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European GDP, 4th Quarter 2015:  Eurostat has released its initial estimate for the European economy which showed quarter-on-quarter growth of +0.3% for both the Euro-zone and the EU28 as a whole at the end of 2015.  For the year as a whole, GDP grew by +1.5% in the euro-zone and by +1.8% for the EU28 overall.

Among the countries for whom the Q4 data has been published, only Finland and Greece saw their economies contract in the 4th quarter;  as both of these also had a negative trend in the previous period, they meet the definition of being in recession.

You can download the Eurostat News Release from their web-site at or request it from MTA.

European Industrial Production, December 2015:  Eurostat has also released its December figures for industrial production and they show a fall in total output compared to November of -1.0% for both the Euro-zone and the EU28 as a whole.  For 2015 overall, total industrial production increased, compared to 2014, by +1.4% in the Euro-zone and by +1.7% for the EU28.

Looking in a little more detail, output of Capital Goods in the Euro-zone were -1.9% lower than in November 2015 and -2.6% down on a year earlier.  For the EU28, these changes were -1.6% and -1.4% respectively.

On a 12-month basis, among the 22 Member States for whom the December 2015 figure is available, total industrial production increased in 13 and fell in 9;  the fastest growth was in Ireland (+18.5%) and Hungary (+6.9%), with the largest reductions being in Netherlands (-9.4%) and Estonia (-8.8%).

You can download the Eurostat News Release from their web-site at or request it from MTA.

CBI Forecast for the UK, February 2016:  Although the latest forecast from the CBI continues to expect sound growth in domestic demand, they have downgraded their GDP growth predictions (compared to those made last November) for 2016 to +2.3% (from +2.6%) and for 2017 to +2.1% (from +2.4%).  Data revisions account for about two-thirds of the downgrade to the 2016 predictions, but beyond that, household spending is slower and the drag from net trade is greater.  In 2017, softer growth also bears down on the forecast for fixed investment.

On this latter point, investment intentions in the CBI surveys remains firm for the year ahead and the CBI expect business investment to continue to grow solidly, although the forecast has been downgraded slightly.  They identify the EU referendum as a risk here, as the uncertainty could cause businesses to hold off capital spending, although they admit that there is little sign of this so far.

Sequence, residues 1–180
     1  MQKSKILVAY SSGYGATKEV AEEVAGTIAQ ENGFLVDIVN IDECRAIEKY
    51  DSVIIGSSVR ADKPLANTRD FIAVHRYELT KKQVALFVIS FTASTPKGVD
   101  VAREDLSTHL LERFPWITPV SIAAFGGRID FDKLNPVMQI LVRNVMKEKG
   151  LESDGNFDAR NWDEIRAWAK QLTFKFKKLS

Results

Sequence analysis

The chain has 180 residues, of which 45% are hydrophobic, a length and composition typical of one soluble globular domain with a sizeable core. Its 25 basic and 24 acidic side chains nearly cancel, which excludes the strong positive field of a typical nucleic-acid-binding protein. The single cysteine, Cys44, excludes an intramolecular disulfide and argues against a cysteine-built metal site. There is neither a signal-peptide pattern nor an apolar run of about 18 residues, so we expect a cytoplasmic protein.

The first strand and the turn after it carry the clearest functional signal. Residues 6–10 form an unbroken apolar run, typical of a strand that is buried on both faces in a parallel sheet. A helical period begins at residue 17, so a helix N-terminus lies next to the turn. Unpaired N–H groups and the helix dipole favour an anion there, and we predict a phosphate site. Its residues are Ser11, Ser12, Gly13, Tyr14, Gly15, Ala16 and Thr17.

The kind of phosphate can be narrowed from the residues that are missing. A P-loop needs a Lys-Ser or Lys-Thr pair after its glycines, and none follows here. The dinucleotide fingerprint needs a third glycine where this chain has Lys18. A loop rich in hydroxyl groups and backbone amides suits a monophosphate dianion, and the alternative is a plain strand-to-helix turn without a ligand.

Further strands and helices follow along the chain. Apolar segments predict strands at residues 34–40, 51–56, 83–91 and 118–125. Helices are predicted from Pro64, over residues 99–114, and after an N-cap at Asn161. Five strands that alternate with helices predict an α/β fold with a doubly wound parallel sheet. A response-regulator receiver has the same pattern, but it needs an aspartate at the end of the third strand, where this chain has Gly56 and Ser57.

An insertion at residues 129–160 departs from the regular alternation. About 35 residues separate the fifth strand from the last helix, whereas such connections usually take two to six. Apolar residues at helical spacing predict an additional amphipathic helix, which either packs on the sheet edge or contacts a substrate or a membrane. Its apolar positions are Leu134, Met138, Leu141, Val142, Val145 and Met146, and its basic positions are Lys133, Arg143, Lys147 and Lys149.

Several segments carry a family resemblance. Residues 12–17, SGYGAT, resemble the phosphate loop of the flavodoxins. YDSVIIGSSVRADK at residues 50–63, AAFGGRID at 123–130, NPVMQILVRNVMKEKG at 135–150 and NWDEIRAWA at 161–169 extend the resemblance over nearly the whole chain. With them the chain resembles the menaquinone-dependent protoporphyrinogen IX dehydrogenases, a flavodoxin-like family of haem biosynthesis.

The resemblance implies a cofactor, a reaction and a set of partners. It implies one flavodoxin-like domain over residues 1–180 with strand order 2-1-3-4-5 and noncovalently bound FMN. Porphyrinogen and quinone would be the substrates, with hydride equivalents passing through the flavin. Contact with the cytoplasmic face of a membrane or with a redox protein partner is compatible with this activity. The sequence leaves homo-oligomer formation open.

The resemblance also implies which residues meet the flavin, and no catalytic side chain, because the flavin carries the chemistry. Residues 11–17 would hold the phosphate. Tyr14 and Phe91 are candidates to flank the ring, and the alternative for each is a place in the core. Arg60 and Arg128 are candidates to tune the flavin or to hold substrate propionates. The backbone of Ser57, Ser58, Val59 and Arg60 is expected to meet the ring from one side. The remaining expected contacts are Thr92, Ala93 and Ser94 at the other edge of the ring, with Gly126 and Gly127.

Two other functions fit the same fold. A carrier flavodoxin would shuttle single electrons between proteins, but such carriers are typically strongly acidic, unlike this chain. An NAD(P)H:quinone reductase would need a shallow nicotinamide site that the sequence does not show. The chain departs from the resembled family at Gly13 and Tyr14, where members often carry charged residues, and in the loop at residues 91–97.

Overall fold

If you would like a copy of the forecast summary and the accompanying slide pack, please contact Geoff Noon at MTA (e-mail:

UK Machine Tool Exports & Imports, 2015:  An initial crunching of the data shows that UK exports of machine tools in 2015 were worth £432.2 million;  this is a reduction of -13.2% compared to the total for 2014.  On the same basis, imports of machine tools fell by -14.6% to £514.1 million.

Exports to the European Union fell by -18% to £192.8 million and shipments to the rest of the world were worth £239.4 million, a fall of -9% compared to 2014.  Arrivals of machine tools from the European Union were worth £249.8 million, a fall of -14% compared to 2014, while imports from the rest of the world fell by -15% to £264.4 million.

On the export front, deliveries to both China (£57.5 million) and the USA (£53.4 million) were up by about 4% on the respective figures for 2014 and there was also an increase in exports to Mexico (£8.3 million, +105%), but the latter is more a reflection on a bad year in 2014 than of strength in 2015.

Imports from most of the major sources fell in 2015, with only Germany (£130.1 million, +0.2%) and Turkey (£6.7 million, +12%) bucking the trend.

We will be working on the data for other parts of the manufacturing technology sector over the coming couple of weeks and further analysis will be included in the 2016 edition of Basic Facts which will be published at MACH.

US Cutting Tool Market Report, December 2015:  Further to last week’s report on the machine tool market trend in the USA, AMT have not published the equivalent figures for the cutting tool market.  For 2015 as a whole it shows a fall of -5.0% compared to the 2014 figure, based on the totals reported by companies participating in the program.

They comment that the year started strongly, but there was a significant decline in the 2nd half of 2015, driven by falling oil prices and the impact of the strong US$ on the US manufacturing sector.

You can access the US CTMR News Release on the AMT web-site at or request it from MTA.